82. 82. What is a Developing Market? Dubai 1990 2007 2003 No attribution – can be found on numerous websites regarding Dubai
  83. 83. What is a Developing Market? Mexico City y ~ 1970 ~ 2007 Source: MEXonline.com® LLC Source: www.wikipedia.com
  84. 84. Long-Term Global Infrastructure Need • W ld t spend World to d >$40T on infrastructure • 65 % will be in developing countries • Opportunity to benefit from this trend and the subsequent building and operating activity that it creates
  85. 85. Terex: Developing Markets Growth to Date DEVELOPING MARKET DEVELOPING MARKET SALES BY BUSINESS ($) SALES GROWTH ($) RBU AWP Africa Construction Middle East S/C America MP&M Russia/ E. Europe Cranes Asia, ex. Japan 2004 2005 2006 2007 2004 2005 2006 2007 Broad Based Global Growth 22% of 2007 sales Strongest In 3 Businesses 42% CAGR 2004 - 2007
  86. 86. Developing Markets - Goal Developed Markets Developing Markets Sales Current Goal 2007 ~$ 2B 2010 $ 4B
  87. 87. Developing Markets – How? Accelerate • Remove roadblocks, accelerate roadblocks progress we are investments, etc. to enable faster growth already making where traction has already been achieved Broaden benefits • Leverage synergies between businesses from the progress to achieve greater overall benefit from we make market progress that is made Establish traction in • Facilitate entry by Terex businesses into high potential but high growth developing markets where we under-penetrated are currently under-represented geographies Pursue “white • Identify and pursue opportunities in space” opportunities developing markets that offer growth that might have been potential but sit outside the domain of missed i d current Terex businesses
  88. 88. Developing Markets: First Steps ‘One Terex’ Strategies • Chi China, India, S/C America, Russia/ E t I di A i R i / Eastern Europe, Africa E Af i Great Talent – Organized to Win • Top talent in key country roles • Local “back-office” Support teams • Clarity of roles and responsibilities Global Network with Local Relevance • Global Supply and Manufacturing, positioned to deliver locally •LLocally d i ll driven b t globally consistent sales, service, and support but l b ll it t l i d t • Terex Financial Services Integrated Execution that leverages the Power of One Company • Visibility from the top • Aligned approach to maximize outcomes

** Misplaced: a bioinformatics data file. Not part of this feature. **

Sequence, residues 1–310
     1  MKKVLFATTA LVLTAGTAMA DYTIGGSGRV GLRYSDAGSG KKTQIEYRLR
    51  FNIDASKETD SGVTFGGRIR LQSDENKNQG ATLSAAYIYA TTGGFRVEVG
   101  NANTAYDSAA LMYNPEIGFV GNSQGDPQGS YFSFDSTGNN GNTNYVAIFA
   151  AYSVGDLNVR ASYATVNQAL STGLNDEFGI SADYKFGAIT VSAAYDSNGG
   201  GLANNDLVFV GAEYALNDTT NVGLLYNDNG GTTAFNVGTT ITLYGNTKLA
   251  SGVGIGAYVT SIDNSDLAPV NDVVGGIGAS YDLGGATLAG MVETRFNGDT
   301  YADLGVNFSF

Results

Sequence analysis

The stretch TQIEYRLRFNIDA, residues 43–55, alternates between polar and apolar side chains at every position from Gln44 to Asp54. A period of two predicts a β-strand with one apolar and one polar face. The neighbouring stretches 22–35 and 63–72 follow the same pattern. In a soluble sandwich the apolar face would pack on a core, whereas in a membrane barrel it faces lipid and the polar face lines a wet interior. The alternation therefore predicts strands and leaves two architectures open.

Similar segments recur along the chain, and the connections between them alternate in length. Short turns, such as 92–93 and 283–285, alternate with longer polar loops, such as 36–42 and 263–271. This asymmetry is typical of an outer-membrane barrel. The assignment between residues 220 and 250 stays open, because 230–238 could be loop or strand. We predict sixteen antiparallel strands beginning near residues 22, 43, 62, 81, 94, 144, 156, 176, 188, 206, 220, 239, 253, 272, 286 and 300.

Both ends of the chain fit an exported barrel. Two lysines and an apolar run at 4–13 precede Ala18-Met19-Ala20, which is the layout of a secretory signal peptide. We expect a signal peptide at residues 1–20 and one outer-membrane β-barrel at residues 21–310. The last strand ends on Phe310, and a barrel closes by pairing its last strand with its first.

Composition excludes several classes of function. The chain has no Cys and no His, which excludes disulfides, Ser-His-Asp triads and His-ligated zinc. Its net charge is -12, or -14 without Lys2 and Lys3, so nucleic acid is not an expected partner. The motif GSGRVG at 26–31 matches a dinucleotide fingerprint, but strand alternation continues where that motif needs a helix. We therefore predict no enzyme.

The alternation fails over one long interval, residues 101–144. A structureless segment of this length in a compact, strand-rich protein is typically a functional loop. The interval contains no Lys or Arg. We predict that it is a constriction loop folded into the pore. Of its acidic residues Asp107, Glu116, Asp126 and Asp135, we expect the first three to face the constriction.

89. 89. Specifics by Market: China PATH FORWARD IN CHINA • Build-out leadership and support structure – Shared service in Beijing – Local business teams • Strengthen local p g presence in existing high-growth product areas – Construction products – Mining products TEREX TODAY • # 1 in >100 t trucks (2007) – Cranes • # 1 in <100 t trucks (minority position) • Develop emerging opportunities p g g pp • # 3 in truck mounted cranes (JV) – Aerials • # 1 in a small current market for AWPs – Mining Excavators • 5 manufacturing l f t i locations* ti * –Mt il P Materials Processing i * Includes JVs and minority owned facilities; also includes Fantuzzi at Xiamen
  90. 90. Specifics by Market: India PATH FORWARD IN INDIA • Build-out leadership and support structure – Shared service in Delhi – Local business teams • Establish manufacturing and engineering center in Hosur – Materials Processing – Tower Cranes – Technology TEREX TODAY • # 1 in mobile materials processing • Develop distribution and strengthen local alliances • # 4 in backhoe loaders – Vectra distribution • Long sales history in mining ( g y g (trucks) ) – Local partners • Positioning for future growth * Includes JVs and minority owned facilities; also includes Fantuzzi at Xiamen
  91. 91. Hosur, India – Regional Presence
  92. 92. Specifics by Market: South & Central America PATH FORWARD IN SOUTH AND CENTRAL AMERICA • Build-out leadership and support structure – Sao Paulo – Mexico City Continue momentum with “One- Terex” offering concept • Increase local manufacturing content/ presence TEREX TODAY – Porto Allegre g • # 1 in aerial work platforms – Other? • # 1 in asphalt paving • Increase exposure to local centers • Strong recent growth in construction of demand (mining, Panama, …) and mining products
  93. 93. Specifics by Market: Russia/ E. Europe PATH FORWARD IN RUSSIA AND EASTERN EUROPE • Build-out leadership and support Russia structure – Shared service in Moscow – Local business teams • Develop and strengthen local distribution TEREX TODAY • ~$400M in 2007 sales • Access local components – especially for use in W. European • Excellent growth across multiple manufacturing fti businesses (Construction, Cranes, Materials Processing, …) • Develop options around local/ • Primarily succeeding via strong local y g g regional manufacturing distribution